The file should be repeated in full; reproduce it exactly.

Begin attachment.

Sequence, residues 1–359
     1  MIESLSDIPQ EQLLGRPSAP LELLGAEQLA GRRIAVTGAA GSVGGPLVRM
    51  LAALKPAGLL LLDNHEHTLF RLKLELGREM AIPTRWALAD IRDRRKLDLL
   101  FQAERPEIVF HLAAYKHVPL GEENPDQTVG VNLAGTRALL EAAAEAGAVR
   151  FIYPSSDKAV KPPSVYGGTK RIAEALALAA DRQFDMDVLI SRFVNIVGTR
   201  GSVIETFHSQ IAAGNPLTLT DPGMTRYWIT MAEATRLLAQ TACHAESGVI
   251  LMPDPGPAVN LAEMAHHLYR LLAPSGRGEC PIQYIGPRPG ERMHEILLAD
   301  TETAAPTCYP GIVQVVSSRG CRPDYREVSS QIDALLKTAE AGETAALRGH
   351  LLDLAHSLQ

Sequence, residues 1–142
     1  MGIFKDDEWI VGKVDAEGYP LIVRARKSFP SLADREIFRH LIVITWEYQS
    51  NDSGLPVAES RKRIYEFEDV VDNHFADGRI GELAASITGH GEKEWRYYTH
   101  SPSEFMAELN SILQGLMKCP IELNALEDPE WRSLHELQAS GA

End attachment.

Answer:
Sequence, residues 1–359
     1  MIESLSDIPQ EQLLGRPSAP LELLGAEQLA GRRIAVTGAA GSVGGPLVRM
    51  LAALKPAGLL LLDNHEHTLF RLKLELGREM AIPTRWALAD IRDRRKLDLL
   101  FQAERPEIVF HLAAYKHVPL GEENPDQTVG VNLAGTRALL EAAAEAGAVR
   151  FIYPSSDKAV KPPSVYGGTK RIAEALALAA DRQFDMDVLI SRFVNIVGTR
   201  GSVIETFHSQ IAAGNPLTLT DPGMTRYWIT MAEATRLLAQ TACHAESGVI
   251  LMPDPGPAVN LAEMAHHLYR LLAPSGRGEC PIQYIGPRPG ERMHEILLAD
   301  TETAAPTCYP GIVQVVSSRG CRPDYREVSS QIDALLKTAE AGETAALRGH
   351  LLDLAHSLQ

Sequence, residues 1–142
     1  MGIFKDDEWI VGKVDAEGYP LIVRARKSFP SLADREIFRH LIVITWEYQS
    51  NDSGLPVAES RKRIYEFEDV VDNHFADGRI GELAASITGH GEKEWRYYTH
   101  SPSEFMAELN SILQGLMKCP IELNALEDPE WRSLHELQAS GA